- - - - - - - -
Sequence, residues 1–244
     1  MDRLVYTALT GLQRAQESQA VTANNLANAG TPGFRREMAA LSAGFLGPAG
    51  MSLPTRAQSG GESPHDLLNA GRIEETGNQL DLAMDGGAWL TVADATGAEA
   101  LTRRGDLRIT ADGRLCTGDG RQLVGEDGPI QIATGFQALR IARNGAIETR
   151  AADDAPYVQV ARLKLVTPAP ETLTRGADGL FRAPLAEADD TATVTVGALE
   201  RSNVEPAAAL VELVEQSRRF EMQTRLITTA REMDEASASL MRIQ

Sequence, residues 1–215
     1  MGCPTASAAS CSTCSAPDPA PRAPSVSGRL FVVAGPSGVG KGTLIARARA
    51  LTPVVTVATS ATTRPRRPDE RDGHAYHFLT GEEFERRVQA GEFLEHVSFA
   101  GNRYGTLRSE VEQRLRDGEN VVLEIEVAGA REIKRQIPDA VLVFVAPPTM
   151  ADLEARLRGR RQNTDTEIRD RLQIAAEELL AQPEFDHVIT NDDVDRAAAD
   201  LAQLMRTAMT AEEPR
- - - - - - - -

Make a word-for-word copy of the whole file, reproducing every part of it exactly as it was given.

Sequence, residues 1–244
     1  MDRLVYTALT GLQRAQESQA VTANNLANAG TPGFRREMAA LSAGFLGPAG
    51  MSLPTRAQSG GESPHDLLNA GRIEETGNQL DLAMDGGAWL TVADATGAEA
   101  LTRRGDLRIT ADGRLCTGDG RQLVGEDGPI QIATGFQALR IARNGAIETR
   151  AADDAPYVQV ARLKLVTPAP ETLTRGADGL FRAPLAEADD TATVTVGALE
   201  RSNVEPAAAL VELVEQSRRF EMQTRLITTA REMDEASASL MRIQ

Sequence, residues 1–215
     1  MGCPTASAAS CSTCSAPDPA PRAPSVSGRL FVVAGPSGVG KGTLIARARA
    51  LTPVVTVATS ATTRPRRPDE RDGHAYHFLT GEEFERRVQA GEFLEHVSFA
   101  GNRYGTLRSE VEQRLRDGEN VVLEIEVAGA REIKRQIPDA VLVFVAPPTM
   151  ADLEARLRGR RQNTDTEIRD RLQIAAEELL AQPEFDHVIT NDDVDRAAAD
   201  LAQLMRTAMT AEEPR